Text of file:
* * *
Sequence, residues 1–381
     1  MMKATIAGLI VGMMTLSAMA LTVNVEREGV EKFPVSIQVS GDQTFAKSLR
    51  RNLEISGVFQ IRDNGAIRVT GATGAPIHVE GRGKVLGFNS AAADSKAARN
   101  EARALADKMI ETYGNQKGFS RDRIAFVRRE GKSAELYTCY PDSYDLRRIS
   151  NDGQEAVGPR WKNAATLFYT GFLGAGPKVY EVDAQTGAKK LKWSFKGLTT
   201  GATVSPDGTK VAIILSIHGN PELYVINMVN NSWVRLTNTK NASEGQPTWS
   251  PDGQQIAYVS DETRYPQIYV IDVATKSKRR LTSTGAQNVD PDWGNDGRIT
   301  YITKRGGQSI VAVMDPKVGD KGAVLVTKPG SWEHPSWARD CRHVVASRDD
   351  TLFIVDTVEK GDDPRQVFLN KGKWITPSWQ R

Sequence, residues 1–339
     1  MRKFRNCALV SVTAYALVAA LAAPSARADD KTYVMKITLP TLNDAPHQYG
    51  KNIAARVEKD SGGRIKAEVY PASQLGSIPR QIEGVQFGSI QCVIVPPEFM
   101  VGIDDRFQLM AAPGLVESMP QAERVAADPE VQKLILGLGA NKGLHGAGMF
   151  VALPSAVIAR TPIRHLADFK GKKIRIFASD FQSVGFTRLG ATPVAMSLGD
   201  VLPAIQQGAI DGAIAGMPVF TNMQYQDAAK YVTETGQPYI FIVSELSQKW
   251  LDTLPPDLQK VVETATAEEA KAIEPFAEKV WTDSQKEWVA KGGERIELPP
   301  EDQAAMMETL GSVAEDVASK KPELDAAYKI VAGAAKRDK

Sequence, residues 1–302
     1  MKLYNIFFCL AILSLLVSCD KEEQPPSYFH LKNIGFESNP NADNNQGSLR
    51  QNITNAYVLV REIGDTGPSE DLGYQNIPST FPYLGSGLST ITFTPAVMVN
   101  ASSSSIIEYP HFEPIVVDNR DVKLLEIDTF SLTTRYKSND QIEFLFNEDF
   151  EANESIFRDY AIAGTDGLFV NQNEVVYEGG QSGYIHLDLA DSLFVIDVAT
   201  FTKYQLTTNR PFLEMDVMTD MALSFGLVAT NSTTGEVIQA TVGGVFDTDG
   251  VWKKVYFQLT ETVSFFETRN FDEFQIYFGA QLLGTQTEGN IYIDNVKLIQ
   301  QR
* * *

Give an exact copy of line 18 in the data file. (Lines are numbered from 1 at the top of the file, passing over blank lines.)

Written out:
Sequence, residues 1–302